I did enjoy reading this book, but I suspect that I'll have forgotten it by tomorrow.
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3 of 3 people found the following review helpful
on 20 December 2003
I read the extract printed in the You sunday magazine a few weeks back and really enjoyed it. It seemed fast paced and exciting. On buying the book, the fast paced rush around the fashion industry continued, but that was about it. The story didn't progress and the male love interest, was nothing but a distraction, was of no relevance to anything in particular. He seemed to be written in to tick off another box in the chick lit criteria.
Overall, this book could be compared to a sunday afternoon walk, without the trees, flowers or sky. Just a bit plain.
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2 of 2 people found the following review helpful
I picked up this book having watched the film. As always the book was very much different in content, no surprise there, but I loved it never the less. Fresh, witty, engaging; this was just what I was looking for.

Until this point in time I was not interested in the world of fashion whatsoever, but found myself so mesmerised by this world, found myself so totally wrapped up in the whole lifestyle, that I couldn't stop reading. I thought the attention to detail was absoluteley wonderful. The contrast between two such strong female characters was striking also. I thought the character of Miranda, the devil of the fashion world,was superb, and I found myself questioning my own values and priorities as I read! A book that makes you think is always a good thing in my humble opinion, whatever the genre it is written in. This is a book to read in the bath, whilst sipping a nice glass of champagne;it offers a world to escape into.Bliss!
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2 of 2 people found the following review helpful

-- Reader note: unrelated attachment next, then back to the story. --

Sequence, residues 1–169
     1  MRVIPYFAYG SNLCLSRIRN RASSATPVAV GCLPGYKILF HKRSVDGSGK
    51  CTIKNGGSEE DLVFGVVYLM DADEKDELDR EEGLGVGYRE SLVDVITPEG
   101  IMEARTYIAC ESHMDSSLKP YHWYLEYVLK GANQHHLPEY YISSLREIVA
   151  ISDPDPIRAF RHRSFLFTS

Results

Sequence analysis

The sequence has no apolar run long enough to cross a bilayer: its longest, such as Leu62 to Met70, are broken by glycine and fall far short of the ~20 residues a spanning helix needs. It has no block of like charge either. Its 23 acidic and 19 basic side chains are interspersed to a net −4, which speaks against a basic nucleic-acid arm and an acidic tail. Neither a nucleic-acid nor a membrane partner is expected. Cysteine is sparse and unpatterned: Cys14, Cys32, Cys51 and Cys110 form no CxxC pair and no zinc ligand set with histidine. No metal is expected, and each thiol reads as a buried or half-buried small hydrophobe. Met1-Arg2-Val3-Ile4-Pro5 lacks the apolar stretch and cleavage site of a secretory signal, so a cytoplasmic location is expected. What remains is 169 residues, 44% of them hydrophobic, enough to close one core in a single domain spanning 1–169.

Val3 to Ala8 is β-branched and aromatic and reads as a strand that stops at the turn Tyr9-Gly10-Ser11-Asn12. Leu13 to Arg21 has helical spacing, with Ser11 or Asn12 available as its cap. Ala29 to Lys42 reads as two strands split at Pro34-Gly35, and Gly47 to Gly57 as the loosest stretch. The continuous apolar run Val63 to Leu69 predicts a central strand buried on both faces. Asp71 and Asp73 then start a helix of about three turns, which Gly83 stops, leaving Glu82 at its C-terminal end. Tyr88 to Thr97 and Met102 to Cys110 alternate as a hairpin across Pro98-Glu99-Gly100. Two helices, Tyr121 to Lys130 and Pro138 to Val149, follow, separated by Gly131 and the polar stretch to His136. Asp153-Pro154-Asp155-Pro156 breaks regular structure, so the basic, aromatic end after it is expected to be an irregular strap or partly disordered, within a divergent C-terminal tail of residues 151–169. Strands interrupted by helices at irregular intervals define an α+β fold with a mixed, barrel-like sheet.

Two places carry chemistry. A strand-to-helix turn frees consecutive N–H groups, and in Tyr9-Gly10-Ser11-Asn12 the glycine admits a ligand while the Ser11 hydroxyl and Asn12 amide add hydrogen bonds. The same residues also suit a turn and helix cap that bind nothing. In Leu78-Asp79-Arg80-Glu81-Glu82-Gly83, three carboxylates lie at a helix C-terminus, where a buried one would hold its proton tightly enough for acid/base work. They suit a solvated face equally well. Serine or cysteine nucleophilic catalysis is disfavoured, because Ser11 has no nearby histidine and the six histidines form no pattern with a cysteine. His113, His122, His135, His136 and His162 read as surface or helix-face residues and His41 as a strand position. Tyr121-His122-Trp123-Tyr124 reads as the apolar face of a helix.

on 31 May 2010
I saw the film first and I really enjoyed it so I decided to read the book, luckily I just borrowed a copy and didn't waste money buying my own. I found the book uncomfortable, boring and a chore to finish.

The book is just pages and pages and pages of Andrea whinging, whining and moaning, oh boo hoo I have to go get coffee from Starbucks,(and skip the queue), ride around in a limo and fetch Miranda's lunch! All the free designer things and money can't make up for that!!!

Alex is the perfect, too-good-to-be-true boyfriend while Lily is just plain irritating, with each new problem Lily got herself into I found myself just rolling my eyes and grinding my teeth.

Plus Lauren has an annoying obsession with the words unhappy and adorable, everytime I saw the word adorable on a page I wanted to slap something. I think I'll stick with Sophie Kinsella and Jill Mansell :)
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9 of 10 people found the following review helpful
on 25 September 2006
I work for a UK/US fashion magazine and can tell you i laughed the whole way thru this book. I loved it.

Fashion magazines exploit their young staff ruthlessly. In fact my only criticism is that it wasn't BAD enough, i though Miranda Priestly got off too lightly. I have sat with many fashion editors and magazine editors who think the earth gravitates around their desks. I have sat thru the sycophancy and idiocy of London Fashion Week and you really couldn't make it up. I have worn loaned clothes from the 'fashion cupboard' on girls night out and put them back with red wine spilled down the front. I have picked up that dry cleaning and coffee so many times. I know that Lauren wrote from experience and am glad that she saw it for what it was - a time to gather enough ridiculous anecdotes together to write her funny novel, sell the film rights and then get a proper life. It's brilliant. And accurate.